The old chestnut Carousel, one of the most famous musicals of the 20th century, is being performed by Arts-Express at the Berger Theatre in Tucson. This production features a first-rate introduction by a veteran actor, so be sure to upgrade your ticket to see this!
Ferenc Molnár was the writer of a 1909 play titled Liliom, portrayed with panache during the pre-show by actor Gene Abravaya. He related the autobiographical story of Molnár, who got his big break writing when the Budapest Daily newspaper hired him. He enjoyed a heady existence in the closing years of the Austro-Hungarian Empire, being challenged to a duel by the husband of his paramour, then later drinking heavily and overdosing on sleeping pills. “It became fashionable to commit ‘mild suicide’ at that time,” he relates, as the publicity was tremendous.
Molnár went on to write a play titled The Devil “which had four productions in New York City at the same time.” His fame established, Abravaya (as Molnár) told the audience about his play Liliom. “It explored dark corners of a romantic relationship. Can love really transform us as a person?”
Liliom “has been eclipsed by time, but Carousel has a bright future. Practically all the dialogue is exactly the same.” The fact a play written in 1909 could be transformed into a play of 1945, with scarcely any change in dialogue, shows us at once that the affairs of the heart are timeless.
Unlike most modern musicals, Carousel has not just one but several memorable tunes by the beyond-famous duo of Rogers & Hammerstein. The greatest is surely You’ll Never Walk Alone, delivered in a spine-tingling version by Brianna Barnhart and Susan Lane Stokes. The star of the show is Andrew Gray, who bass baritone voice could easily have filled a hall twice as large. In If Loved You, another classic tune, he is paired with Barnhart, a Tucson native with a sparkling, clear voice. Delightful. And Kayleah Wilson does a fantastic duet with tenor Luke Howell (resident director at the Arizona Rose Theatre Company), When the Children are Asleep.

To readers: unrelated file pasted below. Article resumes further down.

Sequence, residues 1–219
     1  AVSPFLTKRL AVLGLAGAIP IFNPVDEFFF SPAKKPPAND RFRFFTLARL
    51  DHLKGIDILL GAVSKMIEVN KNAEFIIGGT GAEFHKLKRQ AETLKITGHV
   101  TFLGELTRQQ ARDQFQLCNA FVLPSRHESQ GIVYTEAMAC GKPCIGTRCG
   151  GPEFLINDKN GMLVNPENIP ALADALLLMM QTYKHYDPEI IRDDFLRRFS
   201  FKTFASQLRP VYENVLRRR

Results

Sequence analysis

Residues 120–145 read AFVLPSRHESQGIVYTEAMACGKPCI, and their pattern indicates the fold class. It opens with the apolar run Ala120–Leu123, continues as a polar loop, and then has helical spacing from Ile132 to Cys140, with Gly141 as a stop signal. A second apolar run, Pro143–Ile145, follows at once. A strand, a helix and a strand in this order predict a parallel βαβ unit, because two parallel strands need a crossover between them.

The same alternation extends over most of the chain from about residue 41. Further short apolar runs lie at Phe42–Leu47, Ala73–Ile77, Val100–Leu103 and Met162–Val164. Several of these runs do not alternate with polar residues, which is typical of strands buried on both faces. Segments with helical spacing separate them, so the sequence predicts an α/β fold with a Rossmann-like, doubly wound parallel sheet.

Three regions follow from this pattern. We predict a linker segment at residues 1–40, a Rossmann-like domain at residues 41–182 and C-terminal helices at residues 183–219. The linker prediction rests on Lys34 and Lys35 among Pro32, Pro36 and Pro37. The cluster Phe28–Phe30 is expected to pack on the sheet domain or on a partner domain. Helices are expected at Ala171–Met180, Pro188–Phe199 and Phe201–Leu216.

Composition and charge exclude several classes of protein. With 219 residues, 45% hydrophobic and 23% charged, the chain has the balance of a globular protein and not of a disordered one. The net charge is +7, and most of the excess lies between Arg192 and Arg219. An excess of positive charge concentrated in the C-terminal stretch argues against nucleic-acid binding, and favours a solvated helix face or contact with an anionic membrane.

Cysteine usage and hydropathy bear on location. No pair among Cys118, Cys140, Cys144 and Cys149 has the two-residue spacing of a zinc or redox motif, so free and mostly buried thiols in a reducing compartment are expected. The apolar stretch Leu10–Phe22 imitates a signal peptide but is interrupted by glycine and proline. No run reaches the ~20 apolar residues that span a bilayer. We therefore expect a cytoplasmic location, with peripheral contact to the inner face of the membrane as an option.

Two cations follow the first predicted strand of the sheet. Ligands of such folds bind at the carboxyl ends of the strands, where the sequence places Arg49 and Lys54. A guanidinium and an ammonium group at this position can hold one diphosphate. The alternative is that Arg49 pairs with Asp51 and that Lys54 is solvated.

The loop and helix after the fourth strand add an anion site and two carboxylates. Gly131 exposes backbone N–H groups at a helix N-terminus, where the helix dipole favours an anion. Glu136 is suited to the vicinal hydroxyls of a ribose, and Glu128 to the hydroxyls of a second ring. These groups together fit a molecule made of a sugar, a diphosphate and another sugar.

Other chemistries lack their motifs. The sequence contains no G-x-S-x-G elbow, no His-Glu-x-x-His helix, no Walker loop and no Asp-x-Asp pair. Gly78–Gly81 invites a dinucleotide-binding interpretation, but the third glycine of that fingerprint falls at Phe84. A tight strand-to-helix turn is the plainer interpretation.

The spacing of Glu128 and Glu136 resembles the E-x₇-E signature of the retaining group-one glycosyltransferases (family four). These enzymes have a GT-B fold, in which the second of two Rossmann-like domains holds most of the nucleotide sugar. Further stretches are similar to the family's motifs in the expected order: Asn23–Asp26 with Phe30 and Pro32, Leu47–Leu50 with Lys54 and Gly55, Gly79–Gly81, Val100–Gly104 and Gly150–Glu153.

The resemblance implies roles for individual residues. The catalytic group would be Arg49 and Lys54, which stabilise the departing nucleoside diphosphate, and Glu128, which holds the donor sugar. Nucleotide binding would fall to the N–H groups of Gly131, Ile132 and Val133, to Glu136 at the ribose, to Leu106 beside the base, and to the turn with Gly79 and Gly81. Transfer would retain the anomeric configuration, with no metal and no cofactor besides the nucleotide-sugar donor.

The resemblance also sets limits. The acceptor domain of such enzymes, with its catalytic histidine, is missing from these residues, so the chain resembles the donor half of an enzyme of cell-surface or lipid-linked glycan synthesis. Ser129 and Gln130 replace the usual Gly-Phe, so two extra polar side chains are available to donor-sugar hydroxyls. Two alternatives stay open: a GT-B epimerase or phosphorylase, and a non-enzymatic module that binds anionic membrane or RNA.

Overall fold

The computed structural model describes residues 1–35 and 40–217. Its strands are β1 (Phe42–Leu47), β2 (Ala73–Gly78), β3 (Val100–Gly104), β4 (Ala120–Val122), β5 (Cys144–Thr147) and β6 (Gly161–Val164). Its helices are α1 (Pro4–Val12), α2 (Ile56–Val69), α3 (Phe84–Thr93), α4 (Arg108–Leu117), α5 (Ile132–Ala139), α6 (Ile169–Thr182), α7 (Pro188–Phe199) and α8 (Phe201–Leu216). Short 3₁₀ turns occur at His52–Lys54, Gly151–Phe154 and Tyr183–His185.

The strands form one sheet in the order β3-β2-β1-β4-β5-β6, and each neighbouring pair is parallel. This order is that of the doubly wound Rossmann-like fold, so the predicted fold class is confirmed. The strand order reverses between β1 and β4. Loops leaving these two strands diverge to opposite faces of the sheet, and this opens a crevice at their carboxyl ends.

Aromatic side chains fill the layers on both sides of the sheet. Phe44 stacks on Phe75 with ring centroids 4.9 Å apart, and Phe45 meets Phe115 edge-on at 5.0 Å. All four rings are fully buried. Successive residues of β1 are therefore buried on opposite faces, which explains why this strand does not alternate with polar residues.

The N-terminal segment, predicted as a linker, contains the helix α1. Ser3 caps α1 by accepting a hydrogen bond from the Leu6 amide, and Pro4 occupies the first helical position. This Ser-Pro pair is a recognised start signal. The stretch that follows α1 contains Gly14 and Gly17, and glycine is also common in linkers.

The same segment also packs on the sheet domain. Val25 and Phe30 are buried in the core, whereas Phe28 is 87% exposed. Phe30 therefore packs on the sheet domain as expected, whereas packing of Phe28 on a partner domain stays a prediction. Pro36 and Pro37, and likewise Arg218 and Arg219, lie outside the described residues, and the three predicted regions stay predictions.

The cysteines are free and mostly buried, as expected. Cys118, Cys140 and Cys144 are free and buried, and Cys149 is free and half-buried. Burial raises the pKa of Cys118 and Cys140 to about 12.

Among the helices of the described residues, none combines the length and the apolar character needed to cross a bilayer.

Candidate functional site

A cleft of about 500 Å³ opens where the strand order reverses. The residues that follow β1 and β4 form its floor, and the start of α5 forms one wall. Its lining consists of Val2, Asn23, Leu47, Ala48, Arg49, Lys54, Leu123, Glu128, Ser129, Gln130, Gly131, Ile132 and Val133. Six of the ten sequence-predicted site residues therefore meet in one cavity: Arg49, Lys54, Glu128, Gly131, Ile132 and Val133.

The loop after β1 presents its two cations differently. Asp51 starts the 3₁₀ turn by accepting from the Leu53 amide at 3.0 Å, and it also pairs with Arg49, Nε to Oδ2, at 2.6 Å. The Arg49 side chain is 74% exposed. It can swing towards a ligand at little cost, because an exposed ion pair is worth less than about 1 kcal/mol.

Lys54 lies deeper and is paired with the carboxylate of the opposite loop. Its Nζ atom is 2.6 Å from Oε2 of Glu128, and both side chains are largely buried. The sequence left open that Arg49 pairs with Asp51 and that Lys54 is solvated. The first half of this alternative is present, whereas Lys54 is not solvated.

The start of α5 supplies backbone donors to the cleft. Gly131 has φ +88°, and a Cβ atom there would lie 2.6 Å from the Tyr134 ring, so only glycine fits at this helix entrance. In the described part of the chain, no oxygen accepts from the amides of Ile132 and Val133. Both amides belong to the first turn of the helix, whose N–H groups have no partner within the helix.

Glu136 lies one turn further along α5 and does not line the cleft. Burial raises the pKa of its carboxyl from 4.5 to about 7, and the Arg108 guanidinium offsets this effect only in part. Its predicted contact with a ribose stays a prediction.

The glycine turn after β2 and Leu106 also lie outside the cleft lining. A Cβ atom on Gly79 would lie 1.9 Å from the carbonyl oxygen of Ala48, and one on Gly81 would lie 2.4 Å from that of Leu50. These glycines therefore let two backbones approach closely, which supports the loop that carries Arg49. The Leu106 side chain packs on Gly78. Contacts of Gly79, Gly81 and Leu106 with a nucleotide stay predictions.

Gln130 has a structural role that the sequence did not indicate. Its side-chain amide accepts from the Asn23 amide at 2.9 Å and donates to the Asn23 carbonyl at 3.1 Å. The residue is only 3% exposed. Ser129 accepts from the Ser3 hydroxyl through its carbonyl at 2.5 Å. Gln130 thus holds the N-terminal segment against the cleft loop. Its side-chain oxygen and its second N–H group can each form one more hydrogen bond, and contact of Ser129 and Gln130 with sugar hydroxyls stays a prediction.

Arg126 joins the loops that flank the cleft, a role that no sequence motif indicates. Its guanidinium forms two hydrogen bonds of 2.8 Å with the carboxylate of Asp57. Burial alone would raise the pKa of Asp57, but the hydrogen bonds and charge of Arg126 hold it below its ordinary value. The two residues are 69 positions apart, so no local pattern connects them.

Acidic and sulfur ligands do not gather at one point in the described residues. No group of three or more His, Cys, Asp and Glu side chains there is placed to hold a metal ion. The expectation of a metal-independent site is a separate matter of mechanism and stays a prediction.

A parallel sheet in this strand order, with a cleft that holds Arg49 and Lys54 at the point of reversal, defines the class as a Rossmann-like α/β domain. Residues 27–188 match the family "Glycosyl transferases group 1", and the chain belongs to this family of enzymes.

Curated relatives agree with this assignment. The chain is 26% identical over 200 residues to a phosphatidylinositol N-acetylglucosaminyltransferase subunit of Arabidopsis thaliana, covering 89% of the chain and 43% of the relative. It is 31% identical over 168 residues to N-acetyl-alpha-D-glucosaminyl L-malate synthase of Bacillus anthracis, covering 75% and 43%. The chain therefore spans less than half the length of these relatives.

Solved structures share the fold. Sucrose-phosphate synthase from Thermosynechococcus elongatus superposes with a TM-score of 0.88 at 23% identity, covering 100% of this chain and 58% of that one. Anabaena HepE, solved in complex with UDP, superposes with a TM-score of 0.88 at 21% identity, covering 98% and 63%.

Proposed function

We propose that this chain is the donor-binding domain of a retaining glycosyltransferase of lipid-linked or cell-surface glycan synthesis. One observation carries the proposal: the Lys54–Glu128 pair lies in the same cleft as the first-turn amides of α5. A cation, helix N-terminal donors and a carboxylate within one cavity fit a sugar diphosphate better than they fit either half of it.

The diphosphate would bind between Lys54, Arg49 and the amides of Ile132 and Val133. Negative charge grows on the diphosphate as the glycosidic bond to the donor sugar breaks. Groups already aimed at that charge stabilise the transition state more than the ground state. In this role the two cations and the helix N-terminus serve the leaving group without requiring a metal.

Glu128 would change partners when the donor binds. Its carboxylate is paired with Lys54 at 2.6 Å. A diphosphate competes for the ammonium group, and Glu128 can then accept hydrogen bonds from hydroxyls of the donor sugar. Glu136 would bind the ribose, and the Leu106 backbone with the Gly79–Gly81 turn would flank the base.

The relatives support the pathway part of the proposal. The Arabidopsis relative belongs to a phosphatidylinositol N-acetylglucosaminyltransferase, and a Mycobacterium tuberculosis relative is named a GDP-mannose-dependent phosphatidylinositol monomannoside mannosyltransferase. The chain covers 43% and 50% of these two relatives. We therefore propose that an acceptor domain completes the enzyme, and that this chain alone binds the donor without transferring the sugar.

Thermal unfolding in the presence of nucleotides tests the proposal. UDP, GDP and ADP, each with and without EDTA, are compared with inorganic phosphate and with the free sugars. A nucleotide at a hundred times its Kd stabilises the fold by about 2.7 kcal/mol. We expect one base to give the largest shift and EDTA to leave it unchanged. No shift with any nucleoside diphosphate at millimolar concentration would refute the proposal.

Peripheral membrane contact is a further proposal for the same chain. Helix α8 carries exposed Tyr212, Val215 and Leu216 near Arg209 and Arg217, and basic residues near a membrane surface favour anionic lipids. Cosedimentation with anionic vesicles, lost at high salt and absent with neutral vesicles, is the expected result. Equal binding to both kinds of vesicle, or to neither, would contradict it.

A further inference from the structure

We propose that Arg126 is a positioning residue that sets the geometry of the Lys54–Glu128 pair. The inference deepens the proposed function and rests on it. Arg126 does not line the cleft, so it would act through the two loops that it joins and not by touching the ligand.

After 75 years on stage the plot of Carousel is too well known to rehash here. Suffice it to say this is a truly fine production (directed by Nancy Davis Booth). One must make allowance for the difference in age between Barnhart and Gray, as the role played by Gray in the original Broadway production was only 28, but his marvellous voice is sufficient compensation (the excellent sound system at the Berger is a real plus). Other cast members offer excellent acrobatic dancing and Tara Petersen graces us with her ballet in another segment.
Overall the set was excellent but there was one scene with just a lamp post that would have greater impact with a curtain behind it instead standing starkly alone on stage. Quibbles aside, if you have never seen this monumentally important musical, this is your chance.
Photo by Ben Wise: Andrew Gray and Brianna Barnhart
Photo by C. Cunningham: Gene Abravaya
Carousel is being performed through March 8, 2020. Visit the website for tickets: arts-express.org